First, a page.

Have you heard about intermittent fasting? It’s how our ancestors ate, and it’s coming back into the mainstream spotlight in a big way.
Well, since your ancestors ate in an intermittent fasting style, it’s how your body evolved. Now, our ancestors didn’t do this on purpose. Rather, they had to because they’d often go long stretches without food. When they ate, they feasted. And when they didn’t, they fasted. There was no in between.
But that changed as humans evolved more and more. Most people today, when it comes to food, have an overconsumption problem rather than a feast/famine problem. Not only do people eat too often, but they also eat too late at night, which is what borne the newfound surge in popularity protocols like intermittent fasting have. In fact, according to a 2018 California study, only 12% of Americans are considered metabolically healthy.
That’s where intermittent fasting—and its long list of health benefits—comes in. Besides mimicking how your ancestors ate, intermittent fasting may also help you…
- Boost your metabolism
- Promote healthy hormone function
- Regulate your blood sugar
- Reduce your risk of heart disease and cancer
- Improve your mood
- Keep weight off and stay lean
- Improve your relationship with food (one of the most important “skills” you can develop for your long-term health)
- Stop late-night binging sessions in its tracks
All of which help you live a longer, healthier, and happier life!
So, what exactly is intermittent fasting?
Well, it’s when you go without food for an extended period of time. Medical fasts are commonplace when you need blood work or important procedures like a colonoscopy. The main goal of intermittent fasting is incorporating fasting into your daily diet more often.
That said, there are several different types of intermittent fasting. The most popular is one called 16:8, which simply means: Eating all your food within an 8-hour period, and fasting for the other 16 hours of your day. Within the different types of intermittent fasting, there is one “feeding window,” which ranks as the most popular: Eating your meals between 12 pm and 8 pm. This “feeding window” offers the most social benefit because you can still eat dinner with your family and socialize with your friend.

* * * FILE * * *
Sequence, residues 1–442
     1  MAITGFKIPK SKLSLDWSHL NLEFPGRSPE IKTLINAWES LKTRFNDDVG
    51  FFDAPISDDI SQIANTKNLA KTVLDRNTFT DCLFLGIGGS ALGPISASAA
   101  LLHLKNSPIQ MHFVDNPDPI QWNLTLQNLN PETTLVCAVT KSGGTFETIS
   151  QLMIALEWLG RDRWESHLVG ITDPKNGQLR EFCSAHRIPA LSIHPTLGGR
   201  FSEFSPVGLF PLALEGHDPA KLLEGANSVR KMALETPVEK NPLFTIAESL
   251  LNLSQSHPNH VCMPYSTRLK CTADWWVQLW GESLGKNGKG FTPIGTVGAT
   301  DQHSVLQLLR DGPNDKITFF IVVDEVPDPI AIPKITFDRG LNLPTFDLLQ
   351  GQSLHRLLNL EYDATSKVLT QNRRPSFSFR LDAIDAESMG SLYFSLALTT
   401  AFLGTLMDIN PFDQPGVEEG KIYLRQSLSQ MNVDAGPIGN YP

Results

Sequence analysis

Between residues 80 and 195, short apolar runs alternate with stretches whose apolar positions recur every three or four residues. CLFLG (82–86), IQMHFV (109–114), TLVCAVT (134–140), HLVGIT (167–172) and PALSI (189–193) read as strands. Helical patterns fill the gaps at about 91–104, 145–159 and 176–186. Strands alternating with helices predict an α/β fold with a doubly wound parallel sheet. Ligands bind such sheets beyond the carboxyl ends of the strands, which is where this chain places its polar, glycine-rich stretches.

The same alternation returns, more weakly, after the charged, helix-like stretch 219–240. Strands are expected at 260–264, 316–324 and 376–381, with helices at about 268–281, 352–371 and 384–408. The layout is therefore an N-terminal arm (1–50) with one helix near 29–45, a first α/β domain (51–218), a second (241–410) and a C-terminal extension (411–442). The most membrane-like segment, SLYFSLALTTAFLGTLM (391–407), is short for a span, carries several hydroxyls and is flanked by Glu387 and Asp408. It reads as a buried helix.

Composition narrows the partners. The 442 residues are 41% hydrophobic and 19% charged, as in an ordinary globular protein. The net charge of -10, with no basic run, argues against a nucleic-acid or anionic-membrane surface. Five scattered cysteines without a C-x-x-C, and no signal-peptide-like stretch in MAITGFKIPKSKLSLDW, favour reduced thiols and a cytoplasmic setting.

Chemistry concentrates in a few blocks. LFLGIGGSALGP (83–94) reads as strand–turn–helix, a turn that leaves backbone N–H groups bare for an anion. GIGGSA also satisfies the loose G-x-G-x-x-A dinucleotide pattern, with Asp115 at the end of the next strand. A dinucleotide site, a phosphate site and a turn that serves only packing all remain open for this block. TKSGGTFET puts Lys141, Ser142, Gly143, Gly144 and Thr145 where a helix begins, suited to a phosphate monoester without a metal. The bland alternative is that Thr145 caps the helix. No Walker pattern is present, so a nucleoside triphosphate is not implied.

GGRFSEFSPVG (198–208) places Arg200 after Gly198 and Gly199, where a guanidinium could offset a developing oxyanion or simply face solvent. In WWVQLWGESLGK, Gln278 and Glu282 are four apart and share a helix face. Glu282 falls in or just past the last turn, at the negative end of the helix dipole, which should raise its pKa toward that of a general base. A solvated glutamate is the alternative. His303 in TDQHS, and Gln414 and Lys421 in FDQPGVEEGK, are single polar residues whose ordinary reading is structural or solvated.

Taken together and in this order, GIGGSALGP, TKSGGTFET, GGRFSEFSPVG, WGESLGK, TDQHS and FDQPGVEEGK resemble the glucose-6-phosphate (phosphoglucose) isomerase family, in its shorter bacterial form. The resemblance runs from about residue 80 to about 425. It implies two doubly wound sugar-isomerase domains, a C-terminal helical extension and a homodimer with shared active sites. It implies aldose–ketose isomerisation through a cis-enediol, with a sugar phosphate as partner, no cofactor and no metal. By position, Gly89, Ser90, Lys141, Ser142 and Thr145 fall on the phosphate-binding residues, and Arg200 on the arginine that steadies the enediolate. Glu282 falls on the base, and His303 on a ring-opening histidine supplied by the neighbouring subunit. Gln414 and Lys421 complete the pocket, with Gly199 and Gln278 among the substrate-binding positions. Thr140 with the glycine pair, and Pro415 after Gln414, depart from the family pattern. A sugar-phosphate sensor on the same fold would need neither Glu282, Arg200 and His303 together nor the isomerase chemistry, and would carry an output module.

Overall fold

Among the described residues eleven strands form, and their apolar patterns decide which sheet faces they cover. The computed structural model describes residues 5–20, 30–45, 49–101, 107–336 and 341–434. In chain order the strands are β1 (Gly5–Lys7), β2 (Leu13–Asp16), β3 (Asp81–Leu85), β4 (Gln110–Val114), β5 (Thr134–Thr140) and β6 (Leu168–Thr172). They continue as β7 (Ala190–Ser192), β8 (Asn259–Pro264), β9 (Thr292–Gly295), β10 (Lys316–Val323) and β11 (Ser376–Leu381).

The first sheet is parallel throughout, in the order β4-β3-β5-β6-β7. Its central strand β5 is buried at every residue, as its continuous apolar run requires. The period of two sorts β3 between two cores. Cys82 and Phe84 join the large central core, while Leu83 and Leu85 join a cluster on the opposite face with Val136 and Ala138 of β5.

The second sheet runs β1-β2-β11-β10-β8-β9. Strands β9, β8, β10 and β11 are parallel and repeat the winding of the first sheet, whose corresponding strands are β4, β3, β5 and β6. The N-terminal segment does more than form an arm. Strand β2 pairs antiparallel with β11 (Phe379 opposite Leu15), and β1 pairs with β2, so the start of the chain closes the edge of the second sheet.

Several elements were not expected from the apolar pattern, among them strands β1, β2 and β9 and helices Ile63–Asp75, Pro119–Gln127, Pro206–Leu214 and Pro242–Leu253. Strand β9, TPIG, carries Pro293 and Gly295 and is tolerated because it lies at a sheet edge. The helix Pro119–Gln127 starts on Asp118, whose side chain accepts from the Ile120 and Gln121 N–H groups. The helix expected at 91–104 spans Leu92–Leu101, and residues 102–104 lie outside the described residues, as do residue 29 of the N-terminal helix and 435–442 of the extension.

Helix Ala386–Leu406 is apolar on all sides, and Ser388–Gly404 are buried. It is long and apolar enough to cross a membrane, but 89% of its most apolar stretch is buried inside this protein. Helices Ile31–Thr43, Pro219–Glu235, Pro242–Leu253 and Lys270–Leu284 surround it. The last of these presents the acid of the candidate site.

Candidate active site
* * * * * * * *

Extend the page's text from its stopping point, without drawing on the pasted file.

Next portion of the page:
But, it may not be the most effective “feeding window…”
In fact, according to a study conducted in Obesity (Silver Spring), it is more effective for fat loss to start eating earlier—say, 9 am instead of 12 pm—and eating dinner earlier—say, 5 pm versus 8 pm. This new approach to intermittent fasting is called “Early Time-Restricted Feeding,” (or eTRF).
Does switching when you eat actually influence fast loss?
Let me tell you a story:
One of my nutrition clients had incredible success with the combination of intermittent fasting and keto. She never cheated. Never broke the “rules” of intermittent fasting — meaning, she never ate before 12 pm nor after 8 pm. Weight rolled off her like a boulder zipping down a mountain side.
But at a certain point, she stopped losing weight. In fact, this “plateau” lasted an entire 3 months without her scale reflecting her discipline.
She entered my office one day, frustrated and upset and unmotivated. Why did something that worked so well for her weight loss efforts suddenly stop?
Having already read about how eTRF intermittent fasting created exceptional results in the study I mentioned above, I recommended she try it. Instead of eating from 12-8 pm, I recommended she start eating at 9 am, and eat her dinner by 5 pm.
Now, she still followed the same keto protocol. And she still followed the 16:8 intermittent fasting schedule. But by adjusting her “feeding window,” she unlocked impressive results:
The weight began falling off her body again!
If you experience a similar plateau on intermittent fasting, try switching to an eTRF style, and watch the weight begin falling off again.
And you know what?
Upon more research, not only can eTRF help you push past your weight loss plateau, but it’s also the superior form of intermittent fasting.
Why eTRF unlocks the most weight loss benefits out of other forms of intermittent fasting
Now, let’s chat about the study from Obesity (Silver Spring) in more detail:
In my story above, my client still followed the typical 16:8 style of intermittent fasting. And that was enough to kick start her weight loss again.
But according to the study, the “sweet spot” for unlocking the most health benefits from intermittent fasting is actually a 18:6 style. In this tweak, you want to reduce your “feeding window” from 8 hours to 6 hours, and increase your “fasting window” from 16 hours to 18 hours.
If that sounds scary, keep reading, because it may actually be easier than following a 16:8 schedule.
Well, participants who ate earlier in the day, felt hungry less often throughout the day, felt more full from the meals they did eat, decreased their desire to eat because they decreased ghrelin (the hunger hormone), improved their metabolic flexibility, and they boosted their fat oxidation, which is a fancy way of saying, they lost fat easier!
In this study, participants got 50% of their daily calories from carbs and still had these benefits. Now, imagine what following this approach alongside a ketogenic protocol will unlock for you.
Need Help Following A Ketogenic and/or Intermittent Fasting Protocol to Unlock Faster Fat Loss?
My favorite part of the Obesity (Silver Spring) study is this:
Intermittent fasting scares people away because they’re worried they’ll be hungry all day. But this study proves that eating earlier in the day and reducing your “feeding window” to only 6 hours each day actually decreases your hunger levels.
If you’d like personalized help incorporating this into your diet, and want to make hitting your weight loss goals a breeze, book an appointment with me here: http://thriveresultscoaching.com/book-appointment.